Hundreds of Frito-Lay employees are returning to work in Kansas, ending a 19-day strike with the weekend ratification of a two-year contract that guarantees them at least one day off each week and raises wages.
“They are forcing the current workforce to work double and triple shifts,” Shelton said. “Workers do not have enough time to see their family, do chores around the house, run errands, or even get a healthy night’s sleep.”
The company had called the union’s claims “grossly exaggerated.” An earlier Frito-Lay offer was voted down, which the company said illustrated that union leadership was “out of touch” with workers’ concerns.
Frito-Lay said the union accepted a contract that addressed some of its concerns, according to a statement released Saturday. In addition to the day-off guarantee, the deal will give the union more input on staffing and overtime decisions, and raise wages 4 percent over two years.
“We believe our approach to resolving this strike demonstrates how we listen to our employees, and when concerns are raised, they are taken seriously and addressed,” according to the statement.
About two-thirds of the 850 workers at the Topeka factory joined the walkout that began July 5 and ended July 23. They will return to work this week.
Frito-Lay, the maker of Cheetos, Doritos, Ruffles and other packaged foods, is a unit of PepsiCo, the New York-based food and beverage giant. The snack business has seen strong sales throughout the pandemic as people spent more time at home and continues to gain market share. It brought in $4.5 billion in the second quarter, accounting for 23 percent of PepsiCo’s revenue.
PepsiCo dipped 0.07 percent Monday to close at $157.07, giving it a more than $217 billion valuation. The stock has swelled nearly 8.9 percent in 2021 and 14.1 percent year over year.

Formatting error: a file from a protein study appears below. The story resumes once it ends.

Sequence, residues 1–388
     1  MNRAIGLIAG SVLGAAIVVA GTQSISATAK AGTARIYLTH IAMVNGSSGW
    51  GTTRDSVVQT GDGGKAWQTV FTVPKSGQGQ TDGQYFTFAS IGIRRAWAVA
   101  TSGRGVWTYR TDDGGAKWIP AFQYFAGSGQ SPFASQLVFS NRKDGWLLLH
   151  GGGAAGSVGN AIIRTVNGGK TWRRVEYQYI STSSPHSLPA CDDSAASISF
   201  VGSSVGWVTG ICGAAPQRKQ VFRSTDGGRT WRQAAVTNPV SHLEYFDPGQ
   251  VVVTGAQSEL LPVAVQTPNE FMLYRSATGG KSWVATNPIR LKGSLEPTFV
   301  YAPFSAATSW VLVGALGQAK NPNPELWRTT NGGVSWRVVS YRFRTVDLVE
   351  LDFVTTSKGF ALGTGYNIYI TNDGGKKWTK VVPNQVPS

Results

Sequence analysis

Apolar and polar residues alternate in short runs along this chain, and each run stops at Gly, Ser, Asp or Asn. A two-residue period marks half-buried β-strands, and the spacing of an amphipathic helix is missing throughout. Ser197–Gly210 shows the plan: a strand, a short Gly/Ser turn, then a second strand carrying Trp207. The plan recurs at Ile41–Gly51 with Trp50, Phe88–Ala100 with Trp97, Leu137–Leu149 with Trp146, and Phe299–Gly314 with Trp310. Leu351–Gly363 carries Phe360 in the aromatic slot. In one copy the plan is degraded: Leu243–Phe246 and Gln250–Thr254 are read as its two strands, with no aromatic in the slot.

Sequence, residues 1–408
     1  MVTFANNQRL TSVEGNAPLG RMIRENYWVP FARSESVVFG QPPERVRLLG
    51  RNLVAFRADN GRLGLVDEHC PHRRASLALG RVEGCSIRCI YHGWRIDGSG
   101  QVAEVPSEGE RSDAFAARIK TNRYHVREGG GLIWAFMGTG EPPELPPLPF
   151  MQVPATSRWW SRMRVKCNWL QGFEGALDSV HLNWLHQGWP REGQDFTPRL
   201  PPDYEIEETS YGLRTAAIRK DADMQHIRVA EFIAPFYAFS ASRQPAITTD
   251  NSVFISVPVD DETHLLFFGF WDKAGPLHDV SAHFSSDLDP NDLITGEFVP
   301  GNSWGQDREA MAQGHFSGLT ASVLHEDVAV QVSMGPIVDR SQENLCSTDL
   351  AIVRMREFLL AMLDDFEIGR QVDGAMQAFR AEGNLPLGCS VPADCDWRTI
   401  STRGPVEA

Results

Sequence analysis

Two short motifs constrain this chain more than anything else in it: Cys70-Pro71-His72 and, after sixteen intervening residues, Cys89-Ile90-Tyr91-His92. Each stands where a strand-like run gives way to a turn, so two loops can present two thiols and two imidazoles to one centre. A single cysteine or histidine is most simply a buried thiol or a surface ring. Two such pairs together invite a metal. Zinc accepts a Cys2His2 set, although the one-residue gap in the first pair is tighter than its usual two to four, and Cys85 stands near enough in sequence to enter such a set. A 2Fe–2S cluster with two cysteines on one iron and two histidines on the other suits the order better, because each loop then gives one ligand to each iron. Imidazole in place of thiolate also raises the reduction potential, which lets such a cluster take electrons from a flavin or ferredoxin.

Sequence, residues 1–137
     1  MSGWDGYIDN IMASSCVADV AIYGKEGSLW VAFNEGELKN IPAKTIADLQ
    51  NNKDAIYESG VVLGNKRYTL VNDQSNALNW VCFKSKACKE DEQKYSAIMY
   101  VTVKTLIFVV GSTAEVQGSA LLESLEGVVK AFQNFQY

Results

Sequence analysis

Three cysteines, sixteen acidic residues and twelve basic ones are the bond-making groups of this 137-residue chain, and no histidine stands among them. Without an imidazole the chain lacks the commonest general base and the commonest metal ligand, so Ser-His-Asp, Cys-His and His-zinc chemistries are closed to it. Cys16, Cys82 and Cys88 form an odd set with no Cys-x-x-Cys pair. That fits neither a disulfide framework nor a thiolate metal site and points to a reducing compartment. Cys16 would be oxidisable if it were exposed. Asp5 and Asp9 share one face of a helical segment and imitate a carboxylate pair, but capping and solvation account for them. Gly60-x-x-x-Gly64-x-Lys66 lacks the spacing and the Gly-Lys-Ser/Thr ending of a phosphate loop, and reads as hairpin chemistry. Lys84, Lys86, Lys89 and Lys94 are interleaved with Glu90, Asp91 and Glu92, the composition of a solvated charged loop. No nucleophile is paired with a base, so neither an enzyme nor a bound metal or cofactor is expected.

Keeping pace with that demand led to “forced overtime,” the union says, and affected working conditions. In a letter to Frito-Lay published July 2 in the Topeka Capital-Journal, employee Cherie Renfro wrote of a toxic work environment, driven by “iron-fisted management.”
She alleged that employees were made to work in dense smoke and fumes during and after a fire because, they were told, “It’s just smoke.” She said that workers did not receive hazard pay during the pandemic and that their safety concerns were brushed aside by supervisors. And when a worker collapsed on the line and died, “you had us move the body and put in another co-worker to keep the line going,” Renfro wrote.
In a statement earlier this month to The Washington Post, Frito-Lay said it “wholly rejects” Renfro’s allegations. The company said it is aware of two incidents in the past five years in which an employee “experienced a medical emergency” at the plant and later died.
“In both cases, medical attention was initially provided at the plant and work ceased until the associates were safely on the way to the hospital,” the company said.
Another employee, Pleasant Desch, told New York magazine that temperatures at the Topeka factory regularly exceed 100 degrees in the summer, sometimes causing people to vomit from the heat.
Taylor Telford contributed to this report.